How To Save Money To Move Out: 8 Steps for Success

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Contributor, Benzinga
June 26, 2023

One-third of adults younger than 34 live with their parents, according to the 2021 U.S. Census Bureau. Moving out is exciting and liberating, but you’ll need to plan carefully by saving money to move out. Savings will help you make a smooth transition and form a solid foundation for your new independent life. Make sure you can cover the costs of the move, have adequate funds for living expenses and an emergency fund in case things don’t go as planned. Sound planning starts with understanding the cost of your move and your current expenditures. Then set goals and a budget. 

Here’s how to save up to move out. 

Why Saving Money Is Key for a Successful Move

Savings provides financial stability and security during the transition to independent living. Moving out requires upfront costs like security deposits, rent, utility setup fees and furniture or household items. Savings allow you to cover these expenses without incurring debt or relying on credit cards.

Moving to a new place often brings unexpected challenges and expenses. If you’ve saved, you can create an emergency fund for unforeseen circumstances. Contingency funding will reduce the risk of financial stress as you start your new life.

Saving money to move out will give you more flexibility, allowing you to choose the best housing options and negotiate better terms. You can explore convenient neighborhoods, consider rental or purchase options and have the means to align your choices with your priorities.

How Much Money Should I Save Before Moving Out?

How much you need for the move depends on your lifestyle. Create a baseline of how much you’ll spend on living expenses by adding the rental cost, utilities, food, healthcare, insurance and existing debts. Aim for at least three months of living expenses. This way you’ll provide for any contingencies and financial security in case you lose your job or have a medical emergency.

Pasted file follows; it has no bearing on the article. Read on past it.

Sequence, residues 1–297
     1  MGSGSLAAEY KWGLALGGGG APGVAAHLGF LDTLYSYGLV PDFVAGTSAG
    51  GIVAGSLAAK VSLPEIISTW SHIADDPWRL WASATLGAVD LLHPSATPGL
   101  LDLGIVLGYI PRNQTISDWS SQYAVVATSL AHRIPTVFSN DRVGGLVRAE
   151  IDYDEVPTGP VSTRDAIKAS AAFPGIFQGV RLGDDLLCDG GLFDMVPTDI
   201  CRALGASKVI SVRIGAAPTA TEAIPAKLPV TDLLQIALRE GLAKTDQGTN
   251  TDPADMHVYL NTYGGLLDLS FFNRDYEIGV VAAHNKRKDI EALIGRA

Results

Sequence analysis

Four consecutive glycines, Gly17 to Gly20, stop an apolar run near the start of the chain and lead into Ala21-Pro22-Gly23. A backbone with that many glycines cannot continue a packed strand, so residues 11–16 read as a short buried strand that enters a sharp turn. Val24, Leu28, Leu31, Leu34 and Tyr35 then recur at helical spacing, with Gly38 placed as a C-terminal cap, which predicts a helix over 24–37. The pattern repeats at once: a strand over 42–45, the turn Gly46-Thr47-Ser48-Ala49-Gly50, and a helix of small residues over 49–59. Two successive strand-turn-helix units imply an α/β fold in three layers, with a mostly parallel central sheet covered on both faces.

Budget for moving costs, including packing supplies, moving services, transportation and utility set-up costs. Research prices, compare options and budget accordingly. Landlords often want a deposit or rental upfront. 

If you are starting afresh or moving to a place without furniture or essential household items, you must account for these expenses. Decide what you need immediately and what can wait until you’ve settled in.

The more you can save, the better prepared you’ll be for unexpected events. 

8 Steps for Saving Money to Move Out

Here are eight simple steps for saving money to move out

Step 1: Assess Your Current Financial Situation

You must know your income, expenses and savings to work out how much you can save toward moving out. Set a budget based on an analysis of your current income and expenses. 

Step 2: Set a Moving-Out Savings Goal

Define a savings goal for moving out, considering factors like rent, security deposit, moving expenses and initial household setup costs.

Step 3: Create a Realistic Saving Timeline